Cannon, a stand-up comic from Pittsburgh’s Broadhead Manor who goes with the stage name I Ain’t Skinny, says she basically lived in the kitchen and watched her mother cook. “Soul food is atmosphere, something that is comforting,” she says.

Soul food conjures up memories of being with family from cooking a meal to sitting down and enjoying it for King, who co-owns Carmi Soul Food Restaurant with her husband Mike in Pittsburgh’s Allegheny West. She started out in the kitchen when she was 4 by helping her grandmother peel boiled yams with a butter knife.

Much as she believes that soul food reminds her of a tradition of where a recipe came from and who taught it to her, she also is open to innovations and adapting with times.

When she was first introduced to shrimp and grits, she had never heard of it before. “It was very delicious but I thought it would be even better if only it had … ,” she says. So she improvised on it, and used stone-ground grits with peppers, onions, cheddar cheese and blackened seasonings. It is now a hit with Carmi’s customers.

Another favorite is the smothered pork chops, a tweaked version of her grandmother’s recipe. While her grandmother simmered the meat in a pot of brown onion gravy for 40 minutes until the meat fell off the bones, King follows a quicker approach. “We don’t simmer the pork chops in gravy. Instead we still served the chops with onion but cover it with gravy,” she says. “My grandmother’s method won’t work commercially.”

Growing up, King always had greens seasoned with pork. “But these days with people moving away from pork, we use smoked turkey in our collards to stay with our customers’ needs,” she says. The restaurant also serves turkey ribs in addition to pork ribs.

High-end restaurants are adding $24 fried chicken, chicken and waffle, Nashville hot chicken, pigs’ feet and oxtail soup to their menus these days, Miller says, but that does not mean that African-American cooking is in the middle of a belle epoque. He thinks it is more in a post-modern age now. “There’s no longer one type of soul food, and it’s splintered into several sub-cuisines — traditional, healthy, upscale and vegan,” he says.

He hopes more black chefs will embrace soul food rather than distance themselves from it.

“It needs to be part of their repertoire,” he says. “How many French chefs say that they don’t want to associate with rustic French cooking?”

Soaking up the comforts of African-American foods

African-American foods bring comfort by being down-to-earth and heavenly at the same time.

While cookbook authors and home chefs hang on to recipes that were handed down from their grandmothers and mothers, they also improvise on the classics. Fried chicken that was once seasoned with only salt and pepper gets flavored with garlic and onion powders and a host of other spices. Grits are served plain or with shrimp and even tomatillo and squash. Vegetable shortening is replacing lard in some recipes, and smoked turkey is being used instead of ham in greens to meet changing tastes and dietary needs.

Before the days of refrigeration, stews were a way of stretching foods in the house and not wasting anything. Over time they are still a way of using leftover vegetables and meats and have gotten richer in flavor with the addition of heavy cream to an oyster stew or half-and-half to a corn soup.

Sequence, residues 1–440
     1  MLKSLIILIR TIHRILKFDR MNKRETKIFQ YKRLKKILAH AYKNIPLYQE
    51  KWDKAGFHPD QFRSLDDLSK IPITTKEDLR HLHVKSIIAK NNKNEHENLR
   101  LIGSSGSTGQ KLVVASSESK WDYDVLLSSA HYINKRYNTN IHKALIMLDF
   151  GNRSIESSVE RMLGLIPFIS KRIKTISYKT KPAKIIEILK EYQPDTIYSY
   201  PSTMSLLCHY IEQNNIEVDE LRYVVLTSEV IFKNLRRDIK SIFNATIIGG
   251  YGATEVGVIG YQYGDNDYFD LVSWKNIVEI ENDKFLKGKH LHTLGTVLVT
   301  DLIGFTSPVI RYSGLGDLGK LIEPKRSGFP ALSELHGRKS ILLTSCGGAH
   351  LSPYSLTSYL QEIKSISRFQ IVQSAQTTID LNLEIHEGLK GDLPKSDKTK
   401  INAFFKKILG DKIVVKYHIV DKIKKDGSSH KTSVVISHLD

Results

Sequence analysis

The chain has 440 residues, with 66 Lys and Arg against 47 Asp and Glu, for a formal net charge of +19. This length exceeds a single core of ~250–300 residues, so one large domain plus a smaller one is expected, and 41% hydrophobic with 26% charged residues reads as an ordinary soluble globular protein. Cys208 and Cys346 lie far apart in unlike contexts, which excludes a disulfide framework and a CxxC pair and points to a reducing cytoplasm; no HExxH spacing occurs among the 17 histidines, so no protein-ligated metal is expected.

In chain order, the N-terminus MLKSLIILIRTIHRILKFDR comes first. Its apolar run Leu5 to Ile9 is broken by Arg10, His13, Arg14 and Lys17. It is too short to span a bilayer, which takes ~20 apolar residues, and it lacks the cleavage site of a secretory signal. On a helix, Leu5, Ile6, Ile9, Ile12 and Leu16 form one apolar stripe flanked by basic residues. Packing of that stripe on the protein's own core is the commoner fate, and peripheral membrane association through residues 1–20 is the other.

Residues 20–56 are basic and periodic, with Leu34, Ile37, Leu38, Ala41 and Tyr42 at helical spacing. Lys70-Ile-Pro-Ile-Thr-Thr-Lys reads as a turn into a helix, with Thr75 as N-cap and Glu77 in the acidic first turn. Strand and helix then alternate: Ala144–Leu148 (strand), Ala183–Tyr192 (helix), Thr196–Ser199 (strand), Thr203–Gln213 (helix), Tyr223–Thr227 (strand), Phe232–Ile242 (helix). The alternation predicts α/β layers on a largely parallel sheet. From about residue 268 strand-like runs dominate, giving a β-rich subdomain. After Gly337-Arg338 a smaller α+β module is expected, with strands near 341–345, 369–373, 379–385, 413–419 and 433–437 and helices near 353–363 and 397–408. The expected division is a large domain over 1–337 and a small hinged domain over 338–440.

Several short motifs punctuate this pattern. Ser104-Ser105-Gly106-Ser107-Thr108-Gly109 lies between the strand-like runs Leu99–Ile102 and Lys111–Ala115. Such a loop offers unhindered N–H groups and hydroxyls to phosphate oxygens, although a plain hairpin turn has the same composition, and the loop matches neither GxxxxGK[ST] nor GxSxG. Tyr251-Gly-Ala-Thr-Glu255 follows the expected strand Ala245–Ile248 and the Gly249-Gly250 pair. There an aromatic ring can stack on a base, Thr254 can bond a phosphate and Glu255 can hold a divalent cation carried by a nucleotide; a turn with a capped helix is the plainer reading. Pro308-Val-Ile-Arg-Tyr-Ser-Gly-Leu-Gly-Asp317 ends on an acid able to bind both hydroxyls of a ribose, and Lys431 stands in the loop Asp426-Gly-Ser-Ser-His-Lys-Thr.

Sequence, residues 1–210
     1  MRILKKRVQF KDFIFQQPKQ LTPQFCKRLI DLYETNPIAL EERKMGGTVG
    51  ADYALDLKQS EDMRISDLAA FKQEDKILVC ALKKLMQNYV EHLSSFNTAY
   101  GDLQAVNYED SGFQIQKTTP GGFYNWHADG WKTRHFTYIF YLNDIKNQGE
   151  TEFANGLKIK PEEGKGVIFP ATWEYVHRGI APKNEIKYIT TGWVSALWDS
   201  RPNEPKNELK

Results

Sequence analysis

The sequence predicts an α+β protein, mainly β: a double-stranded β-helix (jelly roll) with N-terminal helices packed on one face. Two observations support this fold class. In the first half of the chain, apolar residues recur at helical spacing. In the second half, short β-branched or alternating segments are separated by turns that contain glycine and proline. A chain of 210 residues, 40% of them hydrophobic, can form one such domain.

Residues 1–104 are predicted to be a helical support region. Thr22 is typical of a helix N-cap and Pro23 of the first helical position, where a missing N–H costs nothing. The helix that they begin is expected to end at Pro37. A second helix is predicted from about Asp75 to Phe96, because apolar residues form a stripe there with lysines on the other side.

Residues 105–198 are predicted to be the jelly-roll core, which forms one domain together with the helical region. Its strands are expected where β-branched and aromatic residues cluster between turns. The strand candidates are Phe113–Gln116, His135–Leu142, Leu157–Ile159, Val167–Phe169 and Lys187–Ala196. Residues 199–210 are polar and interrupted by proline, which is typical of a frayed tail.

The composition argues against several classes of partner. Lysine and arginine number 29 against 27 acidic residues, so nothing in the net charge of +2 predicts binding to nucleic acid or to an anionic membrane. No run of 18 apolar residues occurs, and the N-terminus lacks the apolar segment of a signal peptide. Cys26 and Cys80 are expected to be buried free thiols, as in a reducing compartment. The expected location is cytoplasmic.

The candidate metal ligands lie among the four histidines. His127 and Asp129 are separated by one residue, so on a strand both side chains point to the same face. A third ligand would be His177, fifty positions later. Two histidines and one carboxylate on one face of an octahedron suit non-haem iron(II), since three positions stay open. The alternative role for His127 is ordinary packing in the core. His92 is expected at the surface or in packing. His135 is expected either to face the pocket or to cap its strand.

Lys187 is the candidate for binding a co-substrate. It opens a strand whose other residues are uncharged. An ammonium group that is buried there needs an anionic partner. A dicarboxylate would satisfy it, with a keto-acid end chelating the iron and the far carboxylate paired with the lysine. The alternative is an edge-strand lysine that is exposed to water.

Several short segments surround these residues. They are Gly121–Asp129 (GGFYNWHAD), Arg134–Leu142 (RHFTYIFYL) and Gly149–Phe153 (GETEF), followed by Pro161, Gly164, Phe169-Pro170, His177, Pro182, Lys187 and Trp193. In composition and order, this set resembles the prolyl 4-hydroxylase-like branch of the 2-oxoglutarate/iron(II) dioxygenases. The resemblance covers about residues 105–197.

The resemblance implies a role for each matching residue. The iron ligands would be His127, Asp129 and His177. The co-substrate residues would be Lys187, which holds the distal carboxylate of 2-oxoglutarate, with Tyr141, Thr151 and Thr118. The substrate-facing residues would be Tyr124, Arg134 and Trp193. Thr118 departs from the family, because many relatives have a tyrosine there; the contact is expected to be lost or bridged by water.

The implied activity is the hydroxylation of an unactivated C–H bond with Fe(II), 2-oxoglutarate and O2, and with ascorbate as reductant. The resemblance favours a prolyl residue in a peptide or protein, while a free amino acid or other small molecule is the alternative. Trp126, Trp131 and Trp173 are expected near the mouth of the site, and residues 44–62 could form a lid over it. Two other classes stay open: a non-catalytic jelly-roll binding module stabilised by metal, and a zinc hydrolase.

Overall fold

Sweet potato pie, also known as potato pie, remains the queen of desserts and is a must-make for any holiday. The tubers are either baked or boiled and redolent with nutmeg, cinnamon and all-spice. Vanilla, lemon and imitation rum extracts are added in some cases for more flavor. Pound cake is an all-occasion dessert and served plain, dusted with powdered sugar, with fruits and ice cream or sauce.

It’s important to remember African-American cooking is not monolithic. “It is nuanced and is different from region to region depending on the availability of ingredients, cooking techniques and socio-economic bracket,” says author and food historian Jessica B. Harris.

When stand-up comic Lillian Cannon of Broadhead Manor fries chicken, she starts by cooking the bigger pieces before the smaller ones and places the meat skin-side down. If she is in a rush, she coats the chicken with a quick seasoning by combining Lawry’s season salt, black pepper, Creole seasoning and garlic powder.

Fried Chicken

  • Vegetable/canola oil blend for frying
  • 8 pieces of chicken (legs, breasts and thighs)
  • Premix seasoning (recipe follows)
  • 1/2 cup buttermilk
  • 1 egg, beaten
  • 2 cups all-purpose flour
  • 1 cup cornstarch
  • 2 large resealable plastic bags

Preheat oil in a deep cast-iron pan. Rinse chicken pieces, pat dry and then lay them flat on a cutting board.

Season chicken with premix seasoning and let sit for about 1 hour.

Place chicken pieces in a resealable plastic bag. Pour in the buttermilk and beaten egg.

Mix flour and cornstarch in a bowl and then pour the flour mixture into a second resealable plastic bag.

When oil is hot (test by dipping a wooden spoon in the oil; if oil starts to boil around the spoon, it is hot enough), add the meat pieces. After the bottom side of pieces turn golden brown, flip them over so that other side turns golden brown. Then flip the pieces two more times.

Carefully remove pieces with a pair of tongs, shaking off the excess oil, and place them in a pan lined with paper towel.

Makes 4 servings.

Premix Seasoning

  • 1 teaspoon salt
  • 1 teaspoon black pepper
  • 1/2 teaspoon paprika
  • 1/2 teaspoon garlic powder
  • 1/2 teaspoon onion powder
  • 1/2 teaspoon Sazon all-purpose seasoning
  • 1/2 teaspoon Adobo Seasoning
  • 1/2 teaspoon Creole seasoning

Blend all ingredients in a small bowl.

Recipes from: Lillian Cannon

This pie recipe from Niara Sudarkasa, the first woman to serve as president of Lincoln University in Oxford, Chester County, is delicious, aromatic and perfect in every which way. Why should one go for a sweet potato pie loaded with fat and sugar when 1-1/2 tablespoons of butter and 3/4 cup of brown and white sugars can do such wonders?